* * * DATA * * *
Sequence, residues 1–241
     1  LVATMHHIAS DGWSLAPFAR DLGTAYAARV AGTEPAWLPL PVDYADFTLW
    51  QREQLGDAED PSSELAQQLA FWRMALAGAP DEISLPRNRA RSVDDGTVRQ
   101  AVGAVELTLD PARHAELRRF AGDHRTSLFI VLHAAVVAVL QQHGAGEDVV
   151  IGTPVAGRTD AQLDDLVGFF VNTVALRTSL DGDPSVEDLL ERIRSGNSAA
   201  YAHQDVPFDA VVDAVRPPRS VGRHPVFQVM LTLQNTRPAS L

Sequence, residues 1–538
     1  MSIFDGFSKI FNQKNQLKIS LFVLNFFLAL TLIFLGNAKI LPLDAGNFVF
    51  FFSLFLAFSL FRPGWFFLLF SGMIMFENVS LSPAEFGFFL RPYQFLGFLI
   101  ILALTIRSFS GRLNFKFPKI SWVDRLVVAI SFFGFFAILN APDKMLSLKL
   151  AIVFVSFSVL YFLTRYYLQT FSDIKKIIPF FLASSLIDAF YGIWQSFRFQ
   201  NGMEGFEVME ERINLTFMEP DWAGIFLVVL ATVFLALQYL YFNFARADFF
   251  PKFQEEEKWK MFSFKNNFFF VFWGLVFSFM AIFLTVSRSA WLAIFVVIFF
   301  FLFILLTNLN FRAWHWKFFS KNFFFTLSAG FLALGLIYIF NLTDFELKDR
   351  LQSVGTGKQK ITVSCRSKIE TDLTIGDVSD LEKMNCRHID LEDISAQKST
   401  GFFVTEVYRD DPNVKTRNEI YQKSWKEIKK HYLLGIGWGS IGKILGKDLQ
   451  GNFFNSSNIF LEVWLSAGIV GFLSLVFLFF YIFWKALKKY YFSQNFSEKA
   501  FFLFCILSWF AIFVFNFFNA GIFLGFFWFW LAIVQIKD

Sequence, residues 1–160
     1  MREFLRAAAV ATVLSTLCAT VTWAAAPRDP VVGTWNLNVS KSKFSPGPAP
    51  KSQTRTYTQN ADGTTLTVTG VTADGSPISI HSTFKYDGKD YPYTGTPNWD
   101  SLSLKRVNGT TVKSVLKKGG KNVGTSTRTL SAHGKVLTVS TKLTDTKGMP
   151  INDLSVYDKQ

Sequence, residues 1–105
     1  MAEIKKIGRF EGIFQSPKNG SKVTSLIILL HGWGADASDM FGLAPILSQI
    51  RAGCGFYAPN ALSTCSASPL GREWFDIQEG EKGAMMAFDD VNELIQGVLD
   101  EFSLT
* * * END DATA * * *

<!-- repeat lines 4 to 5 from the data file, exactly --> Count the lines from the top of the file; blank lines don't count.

   101  AVGAVELTLD PARHAELRRF AGDHRTSLFI VLHAAVVAVL QQHGAGEDVV
   151  IGTPVAGRTD AQLDDLVGFF VNTVALRTSL DGDPSVEDLL ERIRSGNSAA